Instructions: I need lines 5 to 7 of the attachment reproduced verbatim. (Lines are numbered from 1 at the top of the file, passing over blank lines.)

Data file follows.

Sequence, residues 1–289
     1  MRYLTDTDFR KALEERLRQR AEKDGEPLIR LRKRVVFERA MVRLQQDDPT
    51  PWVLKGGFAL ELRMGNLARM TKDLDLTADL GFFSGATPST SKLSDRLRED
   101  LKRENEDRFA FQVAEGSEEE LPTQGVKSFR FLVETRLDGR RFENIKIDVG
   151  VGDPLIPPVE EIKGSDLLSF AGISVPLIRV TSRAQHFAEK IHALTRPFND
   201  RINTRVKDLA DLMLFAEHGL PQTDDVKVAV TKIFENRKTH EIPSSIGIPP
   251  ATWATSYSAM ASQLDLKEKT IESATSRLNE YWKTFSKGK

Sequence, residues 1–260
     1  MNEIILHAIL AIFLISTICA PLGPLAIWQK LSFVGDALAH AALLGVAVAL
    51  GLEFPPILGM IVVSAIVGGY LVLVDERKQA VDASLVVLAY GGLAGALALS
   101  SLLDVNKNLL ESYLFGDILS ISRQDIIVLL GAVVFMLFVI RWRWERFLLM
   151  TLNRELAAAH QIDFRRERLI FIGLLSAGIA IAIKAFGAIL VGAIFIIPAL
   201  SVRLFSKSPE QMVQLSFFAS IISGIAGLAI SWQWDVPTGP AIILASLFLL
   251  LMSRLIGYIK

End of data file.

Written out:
   151  VGDPLIPPVE EIKGSDLLSF AGISVPLIRV TSRAQHFAEK IHALTRPFND
   201  RINTRVKDLA DLMLFAEHGL PQTDDVKVAV TKIFENRKTH EIPSSIGIPP
   251  ATWATSYSAM ASQLDLKEKT IESATSRLNE YWKTFSKGK